3 Tips — How I Write and Read Scripts for Voice Overs

Entrepreneur and Voice Over Career Tips

It was 2003 and as part of my job before going freelance I would write scripts for voice overs of popular stations including Capital FM, BBC and the list goes on.

The rush of excitement of how I would envision and guide the voice over to read the text or deciding if I would read and record it myself, still pulses through my veins and there are 3 actionable tips that I would like to share from my years of experience.

Tip 1 How to Write a Script

A voice script can be interpreted in a variety of ways so it is important to ensure that you and any prospective client are both happy with the script you create.

When writing a script you can also find certain words work better for you or the voice over artist than others once you have read this back to yourself due to an accent or style of speaking. When writing your script, the right combination of words can leave a very lasting impression so it is important to get it right.

In order to write a script you will need to establish the type of scripts that you want to create.

Think about any music that will potentially go along with the voice artist or if there will be any background music or sound effects used. Simply imagine the voice that you will use or decide whether it is going to be your own and speak aloud to yourself. You will also need to think about the genre of the voice artist. For example, are they fun and energetic? Or do they have a particular accent that you want to come across? Are they authoritative, male, female, and so on.

Remember that punctuation matters. You will need to remember that in a script, every space, every capital letter, every full stop and every comma matters. For example in this statement:

“A car was parked. In the driveway”.

It could equally be read fast as, “a car was parked in the driveway”, or it could read slowly i.e. “a car was, parked in the driveway”. Alternatively it could be read with pauses i.e, “a car…. was parked… in the driveway”.

As you can see, there were very different ways of saying the same sentence. What mattered there was the punctuation marks, the comma to separate the words or the full stops to indicate dramatic or extended pauses. It makes a significant difference to the voice actor or that you yourself will follow. You can also add notes to ensure that expressions are captured.

That might be if for example there’s a happy tone, or excited tone you might just write in italics happy tone or excited tone.

Tip 2 How to Read a Script

The technique for reading a script is very similar to writing one, the most important thing to remember is how it is to be said.

As previously the main point overall is to take note of any punctuation. You may wish to add direction arrows or underlines to mark emphasis on words or parts of words known as marking scripts. You may also wish to add your own full stops or punctuation marks. In these instances you should also take note of any additional notes that have been asked like a happy tone or sad tone, or you may wish to add these yourself if you are to record this to emphasize what it is that you want to come across in the voice.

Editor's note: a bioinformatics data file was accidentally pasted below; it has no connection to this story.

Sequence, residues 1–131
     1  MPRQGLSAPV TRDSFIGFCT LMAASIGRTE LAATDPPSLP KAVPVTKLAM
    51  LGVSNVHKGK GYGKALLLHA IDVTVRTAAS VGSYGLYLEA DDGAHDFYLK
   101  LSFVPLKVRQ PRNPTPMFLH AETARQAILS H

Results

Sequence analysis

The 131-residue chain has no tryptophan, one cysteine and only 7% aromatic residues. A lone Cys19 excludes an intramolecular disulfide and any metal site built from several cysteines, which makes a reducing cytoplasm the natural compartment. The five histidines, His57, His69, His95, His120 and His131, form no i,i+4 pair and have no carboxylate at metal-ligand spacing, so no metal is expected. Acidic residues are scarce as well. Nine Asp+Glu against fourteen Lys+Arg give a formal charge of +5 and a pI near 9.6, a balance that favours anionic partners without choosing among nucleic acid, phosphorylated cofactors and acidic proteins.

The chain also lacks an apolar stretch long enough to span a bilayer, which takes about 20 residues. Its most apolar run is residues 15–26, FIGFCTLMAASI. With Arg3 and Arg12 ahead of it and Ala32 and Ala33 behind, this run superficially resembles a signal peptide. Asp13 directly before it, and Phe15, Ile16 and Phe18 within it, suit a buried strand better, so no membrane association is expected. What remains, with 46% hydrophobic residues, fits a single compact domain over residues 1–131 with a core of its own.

When you are reading the script you should also practice how you imagine the voice over to sound. To do this it is helpful to imagine any music you wish to appear in the background in your mind whilst you are reading the script. This helps you test what exactly you and any perspective buyer is after.

Sometimes you can pick up a page and it will just make sense when you have put some music behind it. You can do this by using free online music sites such as YouTube and other audio sites.

Just listen to the music and imagine your voice over playing on top of that music and just let it flow. From there, it will come to you. As you listen to the music just remember that there are multiple interpretations.

You should always record the interpretation you and any potential buyer is truly after i.e. your suggestion and what they actually requested in the recording side by side. Recording your lines multiple times allows both yourself and the potential client to have a choice of the best ones. For example recording “Jeff bought a car, Jeff bought a car, Jeff bought a car” multiple times allows choice for you and the client.

Sometimes the client might actually decide that they like the first way the audio was recorded, as opposed to the second or third way you have said the script. At times this might be for a number of reasons such as perhaps you have linked the words together in your speech. The client will often appreciate having the ability of choice so they can decide what they feel is best.

Tip 3 Embrace the Script

My final tip is whether you are reading to record a script or whether you are writing a script, simply embrace it and have fun.

Voice work is an amazing experience that not many people get to explore. Using your creative gifts you too can share in the amazing world of reading and writing voice overs. Dive in and voice at your strengths.

Have fun and let your voice and writing shine.

Award winning author, course instructor, creator of SKY and Radio formats, board member and founder of AllTalk Global.

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